Anders Lindegaard has backed David De Gea to become Manchester United's first-choice goalkeeper but warned the Spaniard he intends to keep the gloves until he retires - in 10 years' time.
In the wake of Manchester City's title-bid, United's struggles in midfield, and concerns over their failures in the Champions League; the rivalry between United's two No.1s has become an unexpected sideshow for the club this season.
After starting the season as De Gea's understudy it is Denmark international Lindegaard who has staked the most viable claim to be considered Edwin van der Sar's successor at Old Trafford.
Lindegaard has played the last three games for Manchester United after finally dislodging De Gea and the 27-year-old is expected to remain in goal for Sunday's trip to Arsenal.
De Gea has struggled to establish himself as Manchester United's No.1 since arriving in England in a £18.3m move from Atletico Madrid last summer, but Lindegaard claims his chief rival has the potential to be United's best goalkeeper in the coming years.
"David has extraordinary attributes; he is extremely explosive and powerful," Lindegaard is quoted in the Telegraph.
"He is only 21. His potential is massive and there is no doubt he will be United's best goalkeeper at some point.
"My job is to make sure it is not until I have retired. Which is 10 years away."
Manchester United manager Sir Alex Ferguson is likely to view the current situation with trepidation, willing to alternate between the two keepers only so long as rotation does not negatively impact United's title push.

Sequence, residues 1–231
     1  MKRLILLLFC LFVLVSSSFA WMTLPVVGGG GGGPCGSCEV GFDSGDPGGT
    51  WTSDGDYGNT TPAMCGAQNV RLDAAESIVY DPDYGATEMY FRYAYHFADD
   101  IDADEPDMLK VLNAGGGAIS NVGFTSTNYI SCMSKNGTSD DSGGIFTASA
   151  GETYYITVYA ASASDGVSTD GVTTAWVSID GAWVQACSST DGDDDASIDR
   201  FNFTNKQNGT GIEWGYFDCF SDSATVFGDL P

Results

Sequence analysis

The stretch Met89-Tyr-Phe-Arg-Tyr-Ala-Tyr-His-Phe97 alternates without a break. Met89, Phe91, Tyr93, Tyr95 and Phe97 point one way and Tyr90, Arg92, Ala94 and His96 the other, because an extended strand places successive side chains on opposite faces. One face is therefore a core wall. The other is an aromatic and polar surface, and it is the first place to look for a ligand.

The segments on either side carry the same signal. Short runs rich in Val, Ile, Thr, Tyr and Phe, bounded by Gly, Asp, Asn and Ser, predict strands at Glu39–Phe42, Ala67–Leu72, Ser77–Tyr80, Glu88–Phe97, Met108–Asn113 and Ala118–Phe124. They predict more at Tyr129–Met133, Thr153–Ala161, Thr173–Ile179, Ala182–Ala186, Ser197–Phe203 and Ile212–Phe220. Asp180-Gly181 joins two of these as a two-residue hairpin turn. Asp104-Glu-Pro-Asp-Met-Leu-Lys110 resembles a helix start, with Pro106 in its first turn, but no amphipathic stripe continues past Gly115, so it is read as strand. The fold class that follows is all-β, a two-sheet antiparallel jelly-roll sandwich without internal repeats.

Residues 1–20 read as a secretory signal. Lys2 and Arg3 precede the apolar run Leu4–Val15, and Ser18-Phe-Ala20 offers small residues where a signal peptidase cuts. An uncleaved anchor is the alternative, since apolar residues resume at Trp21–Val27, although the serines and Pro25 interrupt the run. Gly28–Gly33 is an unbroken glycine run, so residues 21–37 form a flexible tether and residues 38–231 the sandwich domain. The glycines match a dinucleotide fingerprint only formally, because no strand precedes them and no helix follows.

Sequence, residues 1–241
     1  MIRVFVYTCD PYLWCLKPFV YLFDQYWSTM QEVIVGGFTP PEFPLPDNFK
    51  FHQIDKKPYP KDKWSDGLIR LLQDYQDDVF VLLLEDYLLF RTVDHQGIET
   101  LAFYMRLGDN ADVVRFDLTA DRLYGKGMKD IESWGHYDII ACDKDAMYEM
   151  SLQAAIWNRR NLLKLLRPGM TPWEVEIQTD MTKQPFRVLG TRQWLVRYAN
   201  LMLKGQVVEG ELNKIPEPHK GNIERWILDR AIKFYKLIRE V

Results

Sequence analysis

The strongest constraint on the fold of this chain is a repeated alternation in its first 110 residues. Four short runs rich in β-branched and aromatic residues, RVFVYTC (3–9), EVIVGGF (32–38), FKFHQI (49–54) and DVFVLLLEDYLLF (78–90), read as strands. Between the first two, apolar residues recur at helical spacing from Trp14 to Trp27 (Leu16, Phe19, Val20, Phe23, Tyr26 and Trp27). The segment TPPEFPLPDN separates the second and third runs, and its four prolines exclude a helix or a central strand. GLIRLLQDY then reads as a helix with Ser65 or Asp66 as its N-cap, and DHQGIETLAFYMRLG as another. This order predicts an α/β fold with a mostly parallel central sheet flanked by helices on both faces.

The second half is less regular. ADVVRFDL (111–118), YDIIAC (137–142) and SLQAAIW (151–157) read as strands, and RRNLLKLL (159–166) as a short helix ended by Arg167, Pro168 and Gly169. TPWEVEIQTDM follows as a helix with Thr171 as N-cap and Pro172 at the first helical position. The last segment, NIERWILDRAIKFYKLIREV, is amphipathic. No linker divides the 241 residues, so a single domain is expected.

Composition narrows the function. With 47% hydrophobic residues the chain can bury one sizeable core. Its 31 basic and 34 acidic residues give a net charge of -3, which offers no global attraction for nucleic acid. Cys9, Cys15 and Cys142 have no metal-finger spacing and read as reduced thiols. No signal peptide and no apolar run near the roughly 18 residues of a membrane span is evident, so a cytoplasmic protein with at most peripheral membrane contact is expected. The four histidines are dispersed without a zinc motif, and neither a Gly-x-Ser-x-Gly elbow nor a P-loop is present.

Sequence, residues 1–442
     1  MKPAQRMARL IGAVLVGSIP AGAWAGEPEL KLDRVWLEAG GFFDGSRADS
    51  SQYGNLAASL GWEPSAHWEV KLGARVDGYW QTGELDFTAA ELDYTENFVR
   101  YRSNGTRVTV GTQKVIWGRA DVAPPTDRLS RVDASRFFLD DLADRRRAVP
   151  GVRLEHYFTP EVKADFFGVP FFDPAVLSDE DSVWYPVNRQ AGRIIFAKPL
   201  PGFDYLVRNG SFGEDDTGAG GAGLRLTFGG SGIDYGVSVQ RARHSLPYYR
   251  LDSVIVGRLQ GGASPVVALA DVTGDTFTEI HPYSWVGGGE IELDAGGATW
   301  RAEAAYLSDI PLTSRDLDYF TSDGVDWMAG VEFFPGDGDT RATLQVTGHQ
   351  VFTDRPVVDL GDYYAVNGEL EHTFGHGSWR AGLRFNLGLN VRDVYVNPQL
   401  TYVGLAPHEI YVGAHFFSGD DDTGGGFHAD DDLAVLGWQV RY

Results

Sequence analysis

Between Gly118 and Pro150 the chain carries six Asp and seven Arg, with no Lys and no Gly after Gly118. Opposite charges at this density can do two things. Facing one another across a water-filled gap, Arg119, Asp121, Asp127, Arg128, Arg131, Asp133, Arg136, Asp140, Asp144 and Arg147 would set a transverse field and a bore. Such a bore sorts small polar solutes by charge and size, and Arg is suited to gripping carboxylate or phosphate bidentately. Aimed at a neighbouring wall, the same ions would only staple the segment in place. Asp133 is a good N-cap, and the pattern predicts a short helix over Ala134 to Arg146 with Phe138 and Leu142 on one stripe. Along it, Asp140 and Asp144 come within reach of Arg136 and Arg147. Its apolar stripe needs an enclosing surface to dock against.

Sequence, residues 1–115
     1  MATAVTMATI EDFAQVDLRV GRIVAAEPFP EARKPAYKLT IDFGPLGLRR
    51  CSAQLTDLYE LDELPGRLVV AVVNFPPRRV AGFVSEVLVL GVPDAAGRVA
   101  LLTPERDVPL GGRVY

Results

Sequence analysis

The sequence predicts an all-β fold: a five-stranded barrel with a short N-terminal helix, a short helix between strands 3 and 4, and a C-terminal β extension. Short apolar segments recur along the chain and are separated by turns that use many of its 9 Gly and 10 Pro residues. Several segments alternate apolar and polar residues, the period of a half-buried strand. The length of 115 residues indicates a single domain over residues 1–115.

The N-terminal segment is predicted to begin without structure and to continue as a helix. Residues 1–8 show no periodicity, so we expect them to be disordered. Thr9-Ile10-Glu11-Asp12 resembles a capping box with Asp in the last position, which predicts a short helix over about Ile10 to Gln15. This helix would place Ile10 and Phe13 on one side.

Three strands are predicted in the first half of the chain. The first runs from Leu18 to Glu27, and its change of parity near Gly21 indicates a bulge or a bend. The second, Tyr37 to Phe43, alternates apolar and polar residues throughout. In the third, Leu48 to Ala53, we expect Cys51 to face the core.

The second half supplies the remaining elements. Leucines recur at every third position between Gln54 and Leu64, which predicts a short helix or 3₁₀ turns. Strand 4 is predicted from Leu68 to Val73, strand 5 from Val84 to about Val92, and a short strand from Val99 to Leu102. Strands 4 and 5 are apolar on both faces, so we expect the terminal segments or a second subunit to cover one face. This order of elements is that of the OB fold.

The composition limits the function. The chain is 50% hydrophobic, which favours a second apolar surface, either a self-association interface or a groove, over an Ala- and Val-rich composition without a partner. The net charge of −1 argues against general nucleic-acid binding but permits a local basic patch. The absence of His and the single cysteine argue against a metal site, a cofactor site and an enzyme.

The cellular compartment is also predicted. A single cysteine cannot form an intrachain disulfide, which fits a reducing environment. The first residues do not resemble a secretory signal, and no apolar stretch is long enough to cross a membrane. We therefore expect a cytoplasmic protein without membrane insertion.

The relationship between goalkeepers is a dichotomy unique to football, encompassing both fierce loyalty and direct competition - but it is usually most evident at a national level, rarely in the modern era has one manager so regularly rotated his first-choice keeper.
Indeed, these are unlikely the conditions envisioned by Ferguson when he planned for life without van der Sar, but it is a situation that Lindegaard believes can spur both De Gea and himself to improve.
"I am doing everything I can to help David. I enjoy working with him. He's a great lad. He is happy, intelligent, always with a good attitude and we have to push each other," Lindegaard is quoted in the Daily Mail.
"We have to see the glass half full, not half empty, at this point and we have to push each other in the right direction.
"It has been very good for both of us. Every time we play the last guy to wish the keeper good luck is the other keeper. We have a very good relationship."
He added: "I am very proud of what I have made out of this. Three years ago I was in Denmark's second division. Nobody knew my name.
"When I first came here nobody could pronounce it. It has been fantastic to this point and right now is not the time to relax about it, but to keep pushing on, to get better and to get the best for yourself and the club.
"It is the first time I have played three games in a row and that is what I want, to play as much as possible, but I don't need a definition of my position."